Presented by Patricia Tuitt
Over the past few years, I have published a number of articles/book chapters which have sought to show the relevance to various contemporary problems of Walter Benjamin’s 1921 philosophical text ‘Critique of Violence’. The Griffith Law Review article titled ‘Walter Benjamin, Race and the Critique of Rights’ (2019) and the chapter titled ‘The Construction of a Terrorist Under Article 1 of the Convention Relating to the Status of Refugees 1951’ (which is in James Simeon’s edited volume, Terrorism and Asylum, 2020) are recent examples. This research paper turns the focus onto the UK’s decision to exercise the right to withdraw from the European Union (EU) which was conferred on EU Member States by Article 50 of the Lisbon Treaty. I argue that the tensions and conflicts which have attended the UK’s decision to withdraw from the EU (Brexit) are foreshadowed in the ‘Critique of Violence’.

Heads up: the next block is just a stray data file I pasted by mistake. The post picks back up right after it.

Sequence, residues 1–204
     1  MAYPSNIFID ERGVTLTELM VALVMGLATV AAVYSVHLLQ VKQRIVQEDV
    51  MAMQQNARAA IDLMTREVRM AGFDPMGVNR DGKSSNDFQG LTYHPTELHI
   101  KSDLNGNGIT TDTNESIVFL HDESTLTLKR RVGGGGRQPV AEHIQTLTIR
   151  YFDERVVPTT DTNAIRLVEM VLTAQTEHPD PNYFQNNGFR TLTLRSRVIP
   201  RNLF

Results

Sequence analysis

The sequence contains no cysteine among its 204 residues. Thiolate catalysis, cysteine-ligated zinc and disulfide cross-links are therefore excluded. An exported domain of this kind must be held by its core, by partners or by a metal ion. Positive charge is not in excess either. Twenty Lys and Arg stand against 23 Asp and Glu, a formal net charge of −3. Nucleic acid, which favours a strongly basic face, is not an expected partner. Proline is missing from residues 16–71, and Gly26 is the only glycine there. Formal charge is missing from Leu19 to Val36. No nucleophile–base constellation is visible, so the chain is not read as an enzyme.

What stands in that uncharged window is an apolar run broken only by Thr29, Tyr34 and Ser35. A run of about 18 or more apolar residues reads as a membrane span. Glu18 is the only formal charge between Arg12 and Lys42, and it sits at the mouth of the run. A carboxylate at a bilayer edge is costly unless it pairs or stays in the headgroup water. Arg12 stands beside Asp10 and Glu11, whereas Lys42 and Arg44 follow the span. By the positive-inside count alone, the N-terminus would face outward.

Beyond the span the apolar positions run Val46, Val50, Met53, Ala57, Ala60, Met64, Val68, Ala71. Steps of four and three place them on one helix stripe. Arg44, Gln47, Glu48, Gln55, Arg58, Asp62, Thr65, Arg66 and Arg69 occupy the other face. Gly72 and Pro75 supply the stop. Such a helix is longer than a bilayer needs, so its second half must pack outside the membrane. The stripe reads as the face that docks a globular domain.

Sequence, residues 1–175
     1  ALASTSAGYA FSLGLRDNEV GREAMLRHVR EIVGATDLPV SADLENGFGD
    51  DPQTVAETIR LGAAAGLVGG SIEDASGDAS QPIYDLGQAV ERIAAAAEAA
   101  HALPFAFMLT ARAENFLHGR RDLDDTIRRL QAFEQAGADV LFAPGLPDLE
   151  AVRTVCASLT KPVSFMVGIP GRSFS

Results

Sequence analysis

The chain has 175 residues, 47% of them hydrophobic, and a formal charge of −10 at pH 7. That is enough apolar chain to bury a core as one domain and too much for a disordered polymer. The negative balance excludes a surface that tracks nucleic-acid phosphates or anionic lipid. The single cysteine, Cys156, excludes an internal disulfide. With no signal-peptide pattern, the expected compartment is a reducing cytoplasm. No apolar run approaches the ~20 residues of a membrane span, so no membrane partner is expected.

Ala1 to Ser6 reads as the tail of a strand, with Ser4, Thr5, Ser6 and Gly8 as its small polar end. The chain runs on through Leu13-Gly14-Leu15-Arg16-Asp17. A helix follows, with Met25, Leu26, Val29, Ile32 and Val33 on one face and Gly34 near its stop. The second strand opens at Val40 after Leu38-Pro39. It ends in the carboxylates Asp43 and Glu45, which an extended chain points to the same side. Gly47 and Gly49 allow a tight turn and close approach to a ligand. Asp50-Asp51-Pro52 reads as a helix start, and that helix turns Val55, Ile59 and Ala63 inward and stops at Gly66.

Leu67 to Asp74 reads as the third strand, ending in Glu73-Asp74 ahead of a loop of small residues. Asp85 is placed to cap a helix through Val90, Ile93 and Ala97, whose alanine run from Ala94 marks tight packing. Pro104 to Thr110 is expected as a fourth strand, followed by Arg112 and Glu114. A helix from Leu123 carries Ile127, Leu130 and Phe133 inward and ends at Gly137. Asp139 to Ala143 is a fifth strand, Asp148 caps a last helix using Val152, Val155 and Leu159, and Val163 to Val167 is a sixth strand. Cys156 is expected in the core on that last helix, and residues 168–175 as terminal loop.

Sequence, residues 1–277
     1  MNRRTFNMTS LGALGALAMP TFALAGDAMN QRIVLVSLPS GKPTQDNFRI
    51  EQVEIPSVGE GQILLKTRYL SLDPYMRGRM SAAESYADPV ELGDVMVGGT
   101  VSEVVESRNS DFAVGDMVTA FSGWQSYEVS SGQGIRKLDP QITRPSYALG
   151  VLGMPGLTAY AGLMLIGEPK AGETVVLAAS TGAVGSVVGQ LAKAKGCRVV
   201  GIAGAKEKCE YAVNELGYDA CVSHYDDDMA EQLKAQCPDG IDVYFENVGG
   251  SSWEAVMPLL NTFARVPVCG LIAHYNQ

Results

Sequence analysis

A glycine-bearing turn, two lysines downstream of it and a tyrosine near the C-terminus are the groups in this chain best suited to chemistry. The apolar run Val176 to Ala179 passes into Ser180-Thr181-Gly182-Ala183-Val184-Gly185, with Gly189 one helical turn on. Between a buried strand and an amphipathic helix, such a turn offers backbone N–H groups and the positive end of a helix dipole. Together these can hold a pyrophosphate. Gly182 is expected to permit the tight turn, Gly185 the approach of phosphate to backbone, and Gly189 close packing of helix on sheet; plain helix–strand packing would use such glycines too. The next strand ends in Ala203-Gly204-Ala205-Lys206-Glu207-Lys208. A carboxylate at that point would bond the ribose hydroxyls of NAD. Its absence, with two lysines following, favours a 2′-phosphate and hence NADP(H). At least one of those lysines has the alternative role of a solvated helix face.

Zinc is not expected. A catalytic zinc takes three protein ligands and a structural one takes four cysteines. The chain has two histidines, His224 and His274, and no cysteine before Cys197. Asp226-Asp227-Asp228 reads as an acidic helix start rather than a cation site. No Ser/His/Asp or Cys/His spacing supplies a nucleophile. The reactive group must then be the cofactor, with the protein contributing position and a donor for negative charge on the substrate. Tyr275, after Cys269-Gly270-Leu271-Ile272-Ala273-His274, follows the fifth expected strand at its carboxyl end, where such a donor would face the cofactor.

PATRICIA TUITT is a legal academic working within the field of postcolonial studies. Formerly Professor and Dean of the School of Law at Birkbeck, University of London, she now curates an online resource (patriciatuitt.com), consisting of academic articles, book reviews and blog posts. Her publications include the monographs, False Images: Law’s Construction of the Refugee (1996) and Race, Law, Resistance (2004). She is co-editor of Critical Beings: Law, Nation and the Global Legal Subject (2004) and Crime Fiction and the Law (2016). Recent published articles include Walter Benjamin, Race and the Critique of Rights (Griffith Law Review, 2019) and European Empires in Conflict: The Brexit Years (Law and Critique, 2020).
Wednesday, December 9, 2020, from 12:30 – 1:30 PM via ZOOM
CLICK here to register: https://yorku.zoom.us/meeting/register/tJAsc--tqzkvHtwIKsnYTrTn4a9QRVvI8nfV